” The car was extraordinarily free from plug trouble, and would burble indefinitely without oiling up and without getting hot. With no fan it took nearly half an hour’s burbling to get the engine and oil hot enough to open out or test anything—so much so that we made an electric oil heater to put in through the oil-filler cap to warm up the oil in the garage before even starting the engine, as we found it very difficult to persuade the Miller carburetters to idle without being unduly rich, which used to soot the plugs but not oil them.
” It had eight Hartford shock-absorbers fitted, the springs being very heavily corded as well. Murphy had a theory of using slackened off shockers and retaining the cording, but the cording was so much trouble to look after that we later scrapped it and relied on the shockers alone.”
Rules for Problem No. 16.
x. Write your name and address and solution in block letters on a plain sheet of paper.
2. Send it in a sealed envelope, marked “Competition,” to “Motor Sport I) (1929), Ltd., 39, Victoria Street, London, S.W.x.
3Entries must reach this office not later than August x5th, and a prize of one guinea will be awarded to the sender of the first correct solution opened on that day.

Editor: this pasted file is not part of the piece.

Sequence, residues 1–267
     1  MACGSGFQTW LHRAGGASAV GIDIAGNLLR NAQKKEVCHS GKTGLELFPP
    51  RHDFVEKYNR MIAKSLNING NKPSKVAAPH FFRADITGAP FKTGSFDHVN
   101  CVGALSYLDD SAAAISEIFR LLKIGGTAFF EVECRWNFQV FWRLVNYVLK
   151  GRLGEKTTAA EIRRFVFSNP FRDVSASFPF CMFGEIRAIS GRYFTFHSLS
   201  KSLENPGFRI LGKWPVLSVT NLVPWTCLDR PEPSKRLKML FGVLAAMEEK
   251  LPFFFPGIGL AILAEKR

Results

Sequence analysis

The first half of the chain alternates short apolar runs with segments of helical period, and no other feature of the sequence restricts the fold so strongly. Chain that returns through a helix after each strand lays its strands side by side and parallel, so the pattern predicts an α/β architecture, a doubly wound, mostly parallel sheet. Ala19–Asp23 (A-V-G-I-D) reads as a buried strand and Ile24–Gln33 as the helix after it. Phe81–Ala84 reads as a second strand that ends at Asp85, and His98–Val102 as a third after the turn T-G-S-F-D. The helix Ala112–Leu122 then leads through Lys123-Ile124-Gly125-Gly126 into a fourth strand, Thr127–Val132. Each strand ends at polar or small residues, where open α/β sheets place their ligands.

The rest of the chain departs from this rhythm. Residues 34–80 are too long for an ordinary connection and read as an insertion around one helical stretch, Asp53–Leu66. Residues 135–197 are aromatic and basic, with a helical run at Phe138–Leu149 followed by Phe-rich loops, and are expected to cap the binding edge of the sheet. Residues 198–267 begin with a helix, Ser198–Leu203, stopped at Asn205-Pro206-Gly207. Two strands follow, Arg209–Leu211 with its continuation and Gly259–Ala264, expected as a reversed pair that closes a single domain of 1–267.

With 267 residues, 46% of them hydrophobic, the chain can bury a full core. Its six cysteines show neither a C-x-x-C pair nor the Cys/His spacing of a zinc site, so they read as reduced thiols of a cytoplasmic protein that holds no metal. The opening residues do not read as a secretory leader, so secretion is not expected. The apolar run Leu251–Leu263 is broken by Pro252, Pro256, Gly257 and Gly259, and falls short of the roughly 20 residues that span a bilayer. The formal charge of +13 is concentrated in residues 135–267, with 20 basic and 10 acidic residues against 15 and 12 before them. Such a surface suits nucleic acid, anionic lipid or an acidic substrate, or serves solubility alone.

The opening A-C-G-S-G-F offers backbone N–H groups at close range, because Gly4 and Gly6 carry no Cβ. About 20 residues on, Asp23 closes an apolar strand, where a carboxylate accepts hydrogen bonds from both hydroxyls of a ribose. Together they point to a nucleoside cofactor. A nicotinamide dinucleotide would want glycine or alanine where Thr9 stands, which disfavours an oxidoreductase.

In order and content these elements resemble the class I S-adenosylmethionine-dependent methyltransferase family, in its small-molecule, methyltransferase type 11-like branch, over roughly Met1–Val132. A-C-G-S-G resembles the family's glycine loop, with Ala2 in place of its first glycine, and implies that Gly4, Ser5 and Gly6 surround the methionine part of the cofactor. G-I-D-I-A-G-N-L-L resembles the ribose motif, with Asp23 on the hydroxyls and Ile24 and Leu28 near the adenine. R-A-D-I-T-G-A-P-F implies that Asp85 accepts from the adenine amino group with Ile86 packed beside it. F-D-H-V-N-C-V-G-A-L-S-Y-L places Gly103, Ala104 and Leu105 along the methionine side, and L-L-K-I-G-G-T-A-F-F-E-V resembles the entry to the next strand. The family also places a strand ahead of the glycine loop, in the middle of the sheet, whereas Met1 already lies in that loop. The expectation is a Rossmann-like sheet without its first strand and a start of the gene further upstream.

4. More than one coupon may be included in one envelope.
5. No letter must be sent with the coupon.
6. Employees of “Motor Sport” (1929), Ltd., are not eligible to compete.
7. The Editor’s decision in all matters relating to the Competition is final.
Send Us Your Picture Puzzle!
A prize of half-a-guinea is offered every month for the photograph used in this competition. The picture on this page was submitted by Mrs. P. C. Oxenden, 8, Brelade, Jersey, C.I. to whom we have sent a cheque for that amount.
If you have a photograph in your collection which you think would puzzle readers, let us have a look at it. It may be worth half-a-guinea ! A modern sports car taken from an unusual angle, an old sports car, little-known, or an old type of racing car, they all offer scope for different puzzles.
Incidentally, photographs submitted must be actual photographic prints, not cuttings from newspapers, from which it is impossible to make printing blocks.